As soon as we step away from the shelter of the hut the full force of the wind, as mild was it is, hits us. It is cold and I don't have enough clothing on - I should have put on my outer pants and another layer under my windbreaker. I also should have put on face protection. We find the loop trail marker and start upward. We are maybe 200 yards from the summit when we turn our faces into the wind. I stop and turn to her and say, "Let's go down. It's not worth it." She says, "But it's so close." I say, No, it doesn't matter how close it is. This is not our day. Let's go down." Feeling like she is the cause of my wanting to turn around, she expresses anger and frustration with her perceived weakness. I walk back to her and say, "Nancy, there is no place I would rather be than right here, with you, heading back to safety and warmth, even this close to the summit. There is no place I would rather be than right here with you in your grief. Your tears and pain are as real as any mountain and just as big and awesome and powerful."

I watch as most of the anger drains out of her and she starts down the mountain. The wind is bitter and burns our uncovered faces. Not very smart to be so high up without covering all our skin. It is a relief to get back to the hut and eat a couple of Fig Newtons before starting the climb down. I feel no anger or frustration, no sense of being let down or disappointed. Being with my friend on this incredible mountain is all I want. I don't need a summit to find meaning in my day. I find it in her heart and in my own. Hiking for us is truly a healing process. It strips us of pretense and leaves us open and available and vulnerable. That is the way I want to be. And there is no place I would rather be than heading down the mountain with my friend. It isn't our day. We make the right choice. The walk back is like walking from darkness to light. Nancy seems to shed her frustration and misconceived notion that pushing on is the strong thing to do, and gives in to her tired body and her sad heart. Her smile is perfect. This day is perfect. I hope some of the feelings she expressed on the mountain today begin to ease the sharp ache of missing Dejah, and the idea of putting down Rajah, and all the loss she is holding inside her.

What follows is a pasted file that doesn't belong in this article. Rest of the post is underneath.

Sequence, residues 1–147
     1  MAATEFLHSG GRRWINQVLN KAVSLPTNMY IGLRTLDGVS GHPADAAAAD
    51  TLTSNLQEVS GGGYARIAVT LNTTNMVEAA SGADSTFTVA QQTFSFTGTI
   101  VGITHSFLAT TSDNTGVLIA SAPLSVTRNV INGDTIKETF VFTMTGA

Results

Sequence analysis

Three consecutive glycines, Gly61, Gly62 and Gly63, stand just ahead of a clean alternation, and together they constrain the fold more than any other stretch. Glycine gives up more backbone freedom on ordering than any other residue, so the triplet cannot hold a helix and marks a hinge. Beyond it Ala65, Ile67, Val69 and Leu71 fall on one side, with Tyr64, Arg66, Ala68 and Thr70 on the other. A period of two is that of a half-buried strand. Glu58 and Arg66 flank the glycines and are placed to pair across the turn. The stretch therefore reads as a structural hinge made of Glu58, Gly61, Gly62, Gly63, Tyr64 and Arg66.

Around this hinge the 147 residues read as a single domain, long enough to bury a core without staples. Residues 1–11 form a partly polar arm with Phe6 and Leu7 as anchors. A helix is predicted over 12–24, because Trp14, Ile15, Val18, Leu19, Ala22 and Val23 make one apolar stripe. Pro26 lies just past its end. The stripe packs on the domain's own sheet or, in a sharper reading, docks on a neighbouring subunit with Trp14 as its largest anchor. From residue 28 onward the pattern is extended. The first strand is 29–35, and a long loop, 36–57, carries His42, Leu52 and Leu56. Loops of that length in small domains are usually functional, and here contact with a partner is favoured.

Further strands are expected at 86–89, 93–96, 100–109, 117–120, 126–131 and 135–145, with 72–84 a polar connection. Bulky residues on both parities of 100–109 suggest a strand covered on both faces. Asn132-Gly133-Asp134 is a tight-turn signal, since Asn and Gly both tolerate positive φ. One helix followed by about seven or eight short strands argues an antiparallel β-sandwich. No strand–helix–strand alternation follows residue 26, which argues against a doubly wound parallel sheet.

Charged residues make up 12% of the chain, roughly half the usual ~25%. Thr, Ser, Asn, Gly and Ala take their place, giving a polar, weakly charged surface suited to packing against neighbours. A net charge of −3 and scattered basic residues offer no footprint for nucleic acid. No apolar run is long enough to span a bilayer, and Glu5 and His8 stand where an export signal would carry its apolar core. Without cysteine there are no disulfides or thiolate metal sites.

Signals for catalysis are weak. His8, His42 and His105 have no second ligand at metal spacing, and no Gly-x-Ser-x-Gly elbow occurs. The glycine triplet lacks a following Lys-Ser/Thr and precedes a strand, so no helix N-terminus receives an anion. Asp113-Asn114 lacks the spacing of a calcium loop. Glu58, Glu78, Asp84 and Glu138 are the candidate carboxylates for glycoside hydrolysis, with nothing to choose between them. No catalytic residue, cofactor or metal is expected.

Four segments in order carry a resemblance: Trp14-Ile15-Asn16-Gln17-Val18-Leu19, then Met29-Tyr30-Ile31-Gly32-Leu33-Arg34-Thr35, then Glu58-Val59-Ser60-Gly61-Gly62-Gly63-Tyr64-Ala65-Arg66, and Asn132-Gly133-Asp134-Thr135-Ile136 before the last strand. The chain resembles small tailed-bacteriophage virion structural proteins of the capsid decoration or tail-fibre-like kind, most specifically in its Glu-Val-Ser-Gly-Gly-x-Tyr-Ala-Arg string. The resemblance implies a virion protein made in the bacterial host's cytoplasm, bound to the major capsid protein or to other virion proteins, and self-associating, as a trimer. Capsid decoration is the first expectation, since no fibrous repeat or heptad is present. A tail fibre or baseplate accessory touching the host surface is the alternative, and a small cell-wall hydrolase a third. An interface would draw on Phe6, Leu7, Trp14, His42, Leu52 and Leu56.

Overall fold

There is nowhere that I would rather be than right here on the mountain with my friend.